I stuff fistfuls of potato chips into my mouth.
Crunch. Crunch. Crunch.
“It’s four in the morning,” my husband says. “Are you eating chips?”
I swallow and look down at the half-empty bag of Cape Cod Waffle Chips sitting between us in bed. Baffled, I set them on my nightstand, pull up the blanket, and go back to sleep.
When I enter the kitchen in the morning, my husband’s head is inside the refrigerator.
“I think you ate last night’s sausages,” he says.
My husband tends to be a bit OCD. He freaks out when a sock goes missing and the drink glasses aren’t ordered by size. I ignore him and make coffee.
“My sausages are gone,” he announces again.
Now I’m peeved that he’s making such a big deal about leftovers which are most likely behind the carton of eggs. I am not a morning person.
I march over to the fridge and pull out the drawer where I stored the baggy of sausages from last night’s meal. But only half a sausage, the half that was somewhat burnt, remains. I’d put two and half links in there last night. I am sure of it.
“That’s weird . . . ”
Then I remember the predawn chip episode.
“Oh my God, I think I was sleep-walking and sleep-eating! Have I ever done that before?”
“Not that I know of.” Content that he’s made his point, my husband picks up the morning paper.
The sausages in question were grilled last evening for my husband. While they are gluten-free, the corn ingredients tend to make me ill. I prefer Boulder brand sausages or chicken sausages from Al Fresco.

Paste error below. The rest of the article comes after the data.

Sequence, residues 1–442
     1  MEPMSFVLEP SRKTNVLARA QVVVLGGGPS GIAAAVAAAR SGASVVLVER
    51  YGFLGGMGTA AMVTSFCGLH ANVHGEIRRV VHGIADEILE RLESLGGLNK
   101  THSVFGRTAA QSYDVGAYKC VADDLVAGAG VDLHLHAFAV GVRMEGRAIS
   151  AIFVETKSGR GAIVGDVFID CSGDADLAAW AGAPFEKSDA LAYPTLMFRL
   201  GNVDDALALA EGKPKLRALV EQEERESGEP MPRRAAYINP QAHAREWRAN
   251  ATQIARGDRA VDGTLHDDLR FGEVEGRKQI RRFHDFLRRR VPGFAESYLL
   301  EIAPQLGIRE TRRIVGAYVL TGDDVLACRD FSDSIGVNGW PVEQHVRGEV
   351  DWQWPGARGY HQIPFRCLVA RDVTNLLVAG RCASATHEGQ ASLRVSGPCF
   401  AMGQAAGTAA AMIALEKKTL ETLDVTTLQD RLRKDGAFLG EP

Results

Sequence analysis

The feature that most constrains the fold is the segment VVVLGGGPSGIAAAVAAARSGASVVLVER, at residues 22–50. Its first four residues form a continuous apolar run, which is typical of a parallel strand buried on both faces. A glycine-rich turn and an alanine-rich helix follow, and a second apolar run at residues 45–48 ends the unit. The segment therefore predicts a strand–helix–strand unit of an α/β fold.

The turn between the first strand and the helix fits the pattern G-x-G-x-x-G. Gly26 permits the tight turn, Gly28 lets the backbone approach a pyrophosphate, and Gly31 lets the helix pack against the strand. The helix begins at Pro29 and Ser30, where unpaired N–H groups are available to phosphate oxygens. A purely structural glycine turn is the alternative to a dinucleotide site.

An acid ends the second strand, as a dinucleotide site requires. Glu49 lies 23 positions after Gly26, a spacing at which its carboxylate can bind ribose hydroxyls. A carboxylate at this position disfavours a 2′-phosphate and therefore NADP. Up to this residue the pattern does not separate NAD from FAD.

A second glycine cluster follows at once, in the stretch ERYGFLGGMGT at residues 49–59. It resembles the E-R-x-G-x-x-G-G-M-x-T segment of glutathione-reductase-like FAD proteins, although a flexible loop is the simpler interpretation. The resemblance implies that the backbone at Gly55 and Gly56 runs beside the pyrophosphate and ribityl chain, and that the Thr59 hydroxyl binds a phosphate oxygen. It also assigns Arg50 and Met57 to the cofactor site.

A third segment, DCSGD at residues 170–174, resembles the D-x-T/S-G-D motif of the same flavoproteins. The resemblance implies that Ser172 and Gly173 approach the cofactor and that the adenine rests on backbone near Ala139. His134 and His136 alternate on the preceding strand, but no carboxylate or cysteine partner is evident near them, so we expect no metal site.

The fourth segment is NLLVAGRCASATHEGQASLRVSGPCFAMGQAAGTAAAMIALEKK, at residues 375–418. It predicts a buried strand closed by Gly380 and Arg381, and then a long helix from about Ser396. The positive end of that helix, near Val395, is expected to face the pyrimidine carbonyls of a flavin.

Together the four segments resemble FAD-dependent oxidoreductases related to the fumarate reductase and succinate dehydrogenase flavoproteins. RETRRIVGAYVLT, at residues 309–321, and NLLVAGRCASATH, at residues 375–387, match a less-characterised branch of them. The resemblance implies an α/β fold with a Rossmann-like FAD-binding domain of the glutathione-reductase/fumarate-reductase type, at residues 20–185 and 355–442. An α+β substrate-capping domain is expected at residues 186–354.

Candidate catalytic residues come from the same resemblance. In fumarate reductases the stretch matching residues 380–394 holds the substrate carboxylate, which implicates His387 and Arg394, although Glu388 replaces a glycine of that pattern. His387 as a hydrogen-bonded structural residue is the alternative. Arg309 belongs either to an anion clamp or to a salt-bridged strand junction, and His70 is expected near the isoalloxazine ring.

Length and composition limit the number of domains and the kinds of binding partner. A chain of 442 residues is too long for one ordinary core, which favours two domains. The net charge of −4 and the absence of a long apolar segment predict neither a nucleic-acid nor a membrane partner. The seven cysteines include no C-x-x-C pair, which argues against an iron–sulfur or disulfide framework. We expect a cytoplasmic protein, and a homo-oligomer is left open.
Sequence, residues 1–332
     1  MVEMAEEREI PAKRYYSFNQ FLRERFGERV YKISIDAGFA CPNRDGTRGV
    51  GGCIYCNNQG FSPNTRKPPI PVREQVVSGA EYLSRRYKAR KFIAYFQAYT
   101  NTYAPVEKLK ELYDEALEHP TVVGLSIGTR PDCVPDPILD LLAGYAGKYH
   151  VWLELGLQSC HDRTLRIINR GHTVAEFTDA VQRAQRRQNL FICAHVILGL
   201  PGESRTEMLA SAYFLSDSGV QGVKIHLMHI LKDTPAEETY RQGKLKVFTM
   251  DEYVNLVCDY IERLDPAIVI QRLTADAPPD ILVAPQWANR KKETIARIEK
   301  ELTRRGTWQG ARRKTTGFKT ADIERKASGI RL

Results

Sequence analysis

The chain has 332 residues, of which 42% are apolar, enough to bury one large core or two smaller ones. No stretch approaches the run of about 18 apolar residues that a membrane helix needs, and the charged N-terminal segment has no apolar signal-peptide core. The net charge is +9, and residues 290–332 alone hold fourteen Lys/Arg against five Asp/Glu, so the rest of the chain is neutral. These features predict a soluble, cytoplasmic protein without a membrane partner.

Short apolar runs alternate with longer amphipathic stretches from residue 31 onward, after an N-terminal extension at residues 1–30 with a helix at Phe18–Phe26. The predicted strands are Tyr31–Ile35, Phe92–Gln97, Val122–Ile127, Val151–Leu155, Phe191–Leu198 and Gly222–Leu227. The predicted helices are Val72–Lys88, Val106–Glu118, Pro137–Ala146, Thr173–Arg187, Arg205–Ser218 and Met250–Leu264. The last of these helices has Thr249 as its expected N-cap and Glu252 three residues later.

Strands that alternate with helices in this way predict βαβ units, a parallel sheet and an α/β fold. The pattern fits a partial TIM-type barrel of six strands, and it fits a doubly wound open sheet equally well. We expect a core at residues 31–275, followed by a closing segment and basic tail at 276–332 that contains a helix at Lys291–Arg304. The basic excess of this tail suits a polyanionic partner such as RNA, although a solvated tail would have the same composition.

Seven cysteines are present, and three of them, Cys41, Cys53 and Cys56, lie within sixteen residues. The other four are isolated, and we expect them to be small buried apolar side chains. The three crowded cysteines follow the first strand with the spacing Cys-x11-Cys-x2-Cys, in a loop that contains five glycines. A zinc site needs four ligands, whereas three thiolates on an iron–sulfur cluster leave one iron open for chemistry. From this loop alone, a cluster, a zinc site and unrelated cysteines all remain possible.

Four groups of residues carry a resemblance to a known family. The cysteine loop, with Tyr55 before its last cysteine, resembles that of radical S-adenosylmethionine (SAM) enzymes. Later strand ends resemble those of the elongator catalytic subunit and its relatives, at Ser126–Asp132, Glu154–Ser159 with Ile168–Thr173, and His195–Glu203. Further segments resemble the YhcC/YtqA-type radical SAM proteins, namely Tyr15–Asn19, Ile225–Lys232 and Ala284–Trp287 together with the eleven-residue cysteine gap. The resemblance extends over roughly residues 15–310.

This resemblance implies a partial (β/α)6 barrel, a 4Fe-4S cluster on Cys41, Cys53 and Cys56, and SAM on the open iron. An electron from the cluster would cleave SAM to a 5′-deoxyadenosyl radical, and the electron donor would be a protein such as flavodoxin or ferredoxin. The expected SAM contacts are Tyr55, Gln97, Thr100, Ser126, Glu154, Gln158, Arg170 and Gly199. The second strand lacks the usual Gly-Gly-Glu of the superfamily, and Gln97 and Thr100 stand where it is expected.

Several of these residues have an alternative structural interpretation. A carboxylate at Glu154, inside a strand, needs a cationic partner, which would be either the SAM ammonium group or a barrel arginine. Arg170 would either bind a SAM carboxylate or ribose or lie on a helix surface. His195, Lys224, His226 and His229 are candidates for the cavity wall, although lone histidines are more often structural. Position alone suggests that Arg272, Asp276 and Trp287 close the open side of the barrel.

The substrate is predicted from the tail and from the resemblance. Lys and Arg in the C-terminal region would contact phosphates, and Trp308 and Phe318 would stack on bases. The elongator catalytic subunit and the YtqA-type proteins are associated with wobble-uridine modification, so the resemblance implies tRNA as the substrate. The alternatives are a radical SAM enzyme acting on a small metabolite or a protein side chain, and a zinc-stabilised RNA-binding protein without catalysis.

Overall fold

Evidently, I’m not that discriminating about brands or ingredients when I’m asleep, nor do I care whether the sausages are warm or cold.
At first, I’m embarrassed by my late-night munchies. Then it hits me.
I’ve deprived myself so much these last six or so years — passing on slices of birthday cake and Christmas cookies, avoiding crackers and cheese plates during cocktail parties, skipping on the movie popcorn but smelling it throughout the entire movie, sipping my water while the rest of the table chews on warm bread lathered in butter — why wouldn’t I raid the refrigerator or the pantry in a unconscious state?
In fact, why has it taken me so long?
I’ve woken in a sweat from dreams where I’ve eaten an entire chocolate cake with vanilla whipped cream frosting — I’m not only allergic to dairy and eggs and gluten but also vanilla. Still, I’ve never eaten in my sleep. Or even walked in my sleep.
I saw a TV show once about overweight people who have to lock up their food to keep them from eating in the middle of the night. Has my celiac disease and multiple food allergies created some sort of sleep-related eating disorder? Will my husband have to start padlocking his full-of-gluten-and-allergens food before heading off to bed?
After a quick Internet search, I discover that some people who are on diets may unconsciously eat at night. Eliminating gluten, dairy, eggs, soy, corn and so many other foods could certainly be called an extreme diet. That particular night I went to bed hungry because there’d been little for me to eat at a social event and once home I didn’t want to consume the extra calories before bed. With that in mind, it doesn’t seem all that odd that I raided the kitchen at 4 a.m.
The funny thing is I could have grabbed some peanut M&Ms or some leftover pizza or even a brownie that was sitting on the kitchen counter. But I didn’t. I chose gluten-free sausages and gluten-free chips. I’m so accustomed to avoiding foods that will make me sick, I’ll even avoid them in my sleep.
The chocolate cake with vanilla whipped cream will remain in my dreams.